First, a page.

The existence of plausible resolution plans for the range of financial entities formerly viewed as candidates for government bailouts would make a commitment to limit government rescues much more persuasive. In addition, if the Fed and the FDIC accept resolution plans as credible (that is, they do not declare them “not credible”), they would be implying that they would support invoking the plans in a crisis. Presumably, this would raise an additional hurdle to a government-funded creditor rescue in the event of distress.
I’ll close with a reminder that establishing credible limits to central bank intervention in credit markets is critical to central banks’ core monetary policy mission. Entanglement in the distributional politics of credit allocation inevitably threatens the delicate equilibrium underlying central bank independence, which has been so essential to monetary stability. The fallout from the 2008 crisis vividly illustrates the risks to that equilibrium. The breakdown of that equilibrium in the 1970s provides vivid lessons in the dangers of credit allocation. Not only did Fed policymakers need to resist political pressure to lower unemployment, they also had their hands full resisting pressure to buy federal agency debt. The disastrous results for inflation are well known. Less well known is that by 1977, the Fed owned $117 million in debt issued by Washington, D.C.’s transit authority — with the bizarre result that the Fed wound up financing the construction of the Washington Metro.18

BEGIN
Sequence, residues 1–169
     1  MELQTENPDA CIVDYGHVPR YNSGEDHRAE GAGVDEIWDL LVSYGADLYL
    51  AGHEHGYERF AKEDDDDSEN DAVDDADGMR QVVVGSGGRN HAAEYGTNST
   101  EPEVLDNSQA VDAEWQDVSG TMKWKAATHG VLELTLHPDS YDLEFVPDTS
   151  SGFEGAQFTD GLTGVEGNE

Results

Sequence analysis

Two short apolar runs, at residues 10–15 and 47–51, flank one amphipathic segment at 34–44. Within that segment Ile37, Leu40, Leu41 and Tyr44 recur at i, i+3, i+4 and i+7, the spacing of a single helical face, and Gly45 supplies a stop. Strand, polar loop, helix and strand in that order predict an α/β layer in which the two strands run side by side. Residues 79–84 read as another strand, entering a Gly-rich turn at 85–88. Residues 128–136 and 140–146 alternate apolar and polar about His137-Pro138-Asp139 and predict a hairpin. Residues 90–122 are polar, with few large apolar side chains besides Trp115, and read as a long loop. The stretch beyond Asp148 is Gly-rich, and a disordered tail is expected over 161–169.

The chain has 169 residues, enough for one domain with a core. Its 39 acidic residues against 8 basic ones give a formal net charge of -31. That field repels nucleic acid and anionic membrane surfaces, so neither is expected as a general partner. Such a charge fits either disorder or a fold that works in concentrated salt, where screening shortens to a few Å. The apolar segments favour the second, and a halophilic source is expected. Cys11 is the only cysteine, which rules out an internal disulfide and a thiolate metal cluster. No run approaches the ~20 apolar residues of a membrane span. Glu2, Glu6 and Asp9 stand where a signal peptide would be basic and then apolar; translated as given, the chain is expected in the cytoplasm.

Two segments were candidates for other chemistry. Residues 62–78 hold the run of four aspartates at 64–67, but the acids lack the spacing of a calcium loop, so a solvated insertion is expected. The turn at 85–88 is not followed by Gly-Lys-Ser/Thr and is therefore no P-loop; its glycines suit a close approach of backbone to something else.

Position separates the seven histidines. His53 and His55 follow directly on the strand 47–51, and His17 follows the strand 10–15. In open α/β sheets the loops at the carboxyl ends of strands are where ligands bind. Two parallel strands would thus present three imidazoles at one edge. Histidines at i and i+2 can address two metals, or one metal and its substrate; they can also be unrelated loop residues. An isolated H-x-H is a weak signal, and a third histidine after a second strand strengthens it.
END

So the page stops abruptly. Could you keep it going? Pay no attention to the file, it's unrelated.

I would like to thank Jessie Romero for assistance in preparing these remarks. The views expressed are my own and may not be shared by my colleagues in the Federal Reserve System.